Seven Spirits of God
In researching the question of whether God has more than one spirit, there is an Old Testament reference to the seven lamps
found in Zechariah's fifth prophecy (Zech 4:1-14). During this period, Cyrus the Great
encouraged the exiled Jews to return to Jerusalem to rebuild the Temple (Ezra 1:1-4),
and Zerubbabel, appointed as governor of Judah returns with the high priest Joshua to lead the construction
(Hag 1:1). In response to local hostility and construction delays
(Ezra 4:1-4), the prophet Zechariah's message was intended to encourage Zerubbabel and
Joshua in their rebuilding of the Temple by affirming that the Spirit of God was with them.
Then the angel who was speaking with me returned and roused me, as a man who is awakened from his sleep. He said
to me, "What do you see?" And I said, "I see, and behold, a lampstand all of gold with its bowl on the top of it, and its seven
lamps on it with seven spouts belonging to each of the lamps which are on the top of it; also two olive trees by it, one on the
right side of the bowl and the other on its left side." Then I said to the angel who was speaking with me saying, "What are these,
my lord?" So the angel who was speaking with me answered and said to me, "Do you not know what these are?" And I said, "No, my lord."
Then he said to me, "This is the word of the Lord to Zerubbabel saying, 'Not by might nor by power, but by My Spirit,' says
the Lord of hosts. What are you, O great mountain? Before Zerubbabel you will become a plain; and he will bring forth the top stone
with shouts of "Grace, grace to it!"'"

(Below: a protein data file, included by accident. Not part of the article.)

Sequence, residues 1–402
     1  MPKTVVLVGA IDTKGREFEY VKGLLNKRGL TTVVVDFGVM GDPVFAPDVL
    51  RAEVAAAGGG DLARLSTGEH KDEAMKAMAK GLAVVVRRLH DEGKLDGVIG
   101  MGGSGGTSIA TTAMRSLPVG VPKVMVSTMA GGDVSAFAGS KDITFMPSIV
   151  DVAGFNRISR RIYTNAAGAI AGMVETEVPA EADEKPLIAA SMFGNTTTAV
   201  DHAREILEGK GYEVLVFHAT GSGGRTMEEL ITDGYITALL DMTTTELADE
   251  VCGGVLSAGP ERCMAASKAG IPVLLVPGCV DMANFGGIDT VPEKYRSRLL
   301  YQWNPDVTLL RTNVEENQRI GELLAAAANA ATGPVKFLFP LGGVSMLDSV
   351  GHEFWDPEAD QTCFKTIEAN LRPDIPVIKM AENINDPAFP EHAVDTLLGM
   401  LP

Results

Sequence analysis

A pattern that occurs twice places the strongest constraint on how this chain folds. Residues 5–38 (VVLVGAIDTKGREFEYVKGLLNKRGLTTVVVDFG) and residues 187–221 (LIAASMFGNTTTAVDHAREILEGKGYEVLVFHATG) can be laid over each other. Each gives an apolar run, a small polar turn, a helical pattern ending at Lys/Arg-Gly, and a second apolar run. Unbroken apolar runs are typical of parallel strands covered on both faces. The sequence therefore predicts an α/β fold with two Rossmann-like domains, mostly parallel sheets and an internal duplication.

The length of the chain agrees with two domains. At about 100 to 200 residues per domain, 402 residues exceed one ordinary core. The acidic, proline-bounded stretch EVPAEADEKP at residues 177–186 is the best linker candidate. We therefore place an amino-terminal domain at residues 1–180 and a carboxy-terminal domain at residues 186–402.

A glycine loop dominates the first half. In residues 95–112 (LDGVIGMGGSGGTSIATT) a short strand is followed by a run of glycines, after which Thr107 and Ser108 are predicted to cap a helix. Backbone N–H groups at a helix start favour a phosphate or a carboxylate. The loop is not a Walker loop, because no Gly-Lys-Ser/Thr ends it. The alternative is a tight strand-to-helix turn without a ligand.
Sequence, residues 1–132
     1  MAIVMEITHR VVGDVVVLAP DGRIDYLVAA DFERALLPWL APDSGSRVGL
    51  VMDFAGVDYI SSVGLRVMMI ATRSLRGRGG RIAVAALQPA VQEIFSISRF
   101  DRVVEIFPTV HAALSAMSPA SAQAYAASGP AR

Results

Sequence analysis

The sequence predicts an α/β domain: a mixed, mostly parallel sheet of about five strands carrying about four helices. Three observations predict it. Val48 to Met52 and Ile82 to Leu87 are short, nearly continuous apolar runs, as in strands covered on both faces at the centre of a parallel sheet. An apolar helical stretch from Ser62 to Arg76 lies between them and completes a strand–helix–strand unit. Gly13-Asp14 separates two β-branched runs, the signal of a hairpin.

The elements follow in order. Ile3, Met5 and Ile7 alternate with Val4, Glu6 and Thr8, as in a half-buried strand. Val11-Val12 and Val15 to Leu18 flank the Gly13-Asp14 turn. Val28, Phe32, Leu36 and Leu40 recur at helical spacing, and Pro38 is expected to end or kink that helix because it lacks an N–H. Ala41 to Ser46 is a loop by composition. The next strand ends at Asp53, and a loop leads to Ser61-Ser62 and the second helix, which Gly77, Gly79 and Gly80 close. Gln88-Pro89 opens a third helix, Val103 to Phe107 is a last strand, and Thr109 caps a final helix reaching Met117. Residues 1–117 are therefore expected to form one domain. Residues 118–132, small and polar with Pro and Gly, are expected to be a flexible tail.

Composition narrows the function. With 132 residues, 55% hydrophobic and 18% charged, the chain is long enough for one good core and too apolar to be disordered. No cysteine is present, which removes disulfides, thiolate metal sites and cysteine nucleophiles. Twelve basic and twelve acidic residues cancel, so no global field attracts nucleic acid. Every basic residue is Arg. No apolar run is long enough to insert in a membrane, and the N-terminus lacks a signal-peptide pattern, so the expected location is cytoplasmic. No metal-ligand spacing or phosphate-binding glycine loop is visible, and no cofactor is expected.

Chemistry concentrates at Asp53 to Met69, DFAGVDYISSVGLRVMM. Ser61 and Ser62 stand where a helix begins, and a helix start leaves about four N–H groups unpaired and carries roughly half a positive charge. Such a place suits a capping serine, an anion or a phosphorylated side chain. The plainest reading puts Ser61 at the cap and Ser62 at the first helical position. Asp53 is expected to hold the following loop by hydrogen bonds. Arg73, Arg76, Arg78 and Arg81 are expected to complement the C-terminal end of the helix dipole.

Also the word of the Lord came to me, saying, "The hands of Zerubbabel have laid
the foundation of this house, and his hands will finish it. Then you will know that the Lord of hosts has sent me to you. For who
has despised the day of small things? But these seven will be glad when they see the plumb line in the hand of Zerubbabel—these
are the eyes of the Lord which range to and fro throughout the earth." (Zech 4:1-10)
Note that Zechariah is told that the seven lamps on one lampstand
(Zech 4:2) is God's Spirit in the singular sense
(Zech 4:6). However, Zechariah later refer to these seven as separate entities and describes
them as the "eyes of the Lord which range to and fro throughout the earth" (Zech 4:10).
The understanding that the seven lamps represent the Holy Spirit is corroborated in the apostle John's account of the heavenly
Temple in which God, Jesus Christ and the Holy Spirit are in each other's holy presence.
John to the seven churches that are in Asia: Grace to you and peace, from Him who is and who was and who
is to come, and from the seven Spirits who are before His throne, and from Jesus Christ, the faithful witness, the firstborn of the
dead, and the ruler of the kings of the earth. (Rev 1:4-5)
Out from the throne come flashes of lightning and sounds and peals of thunder. And there were seven lamps
of fire burning before the throne, which are the seven Spirits of God; (Rev 4:5)
Not only is the Spirit of God an individual Being, but the apostle John indicates that Jesus Christ can possess the Holy Spirit
To the angel of the church in Sardis write: He who has the seven Spirits of God and the seven stars,
says this: "I know your deeds, that you have a name that you are alive, but you are dead."
And I saw between the throne (with the four living creatures) and the elders a Lamb standing, as if slain,
having seven horns and seven eyes, which are the seven Spirits of God, sent out into all the earth.
In this passage, the apostle John indicates that the seven eyes of the Lamb represent the seven Spirits of God;
thus, the lampstand containing the seven lamps is a figure of speech for the Holy Spirit.
Furthermore, this passage supports the view of the Holy Spirit having the attribute of omnipresence as It is "sent
out into all the earth" (Rev 5:6) and ranges "to and fro throughout the earth"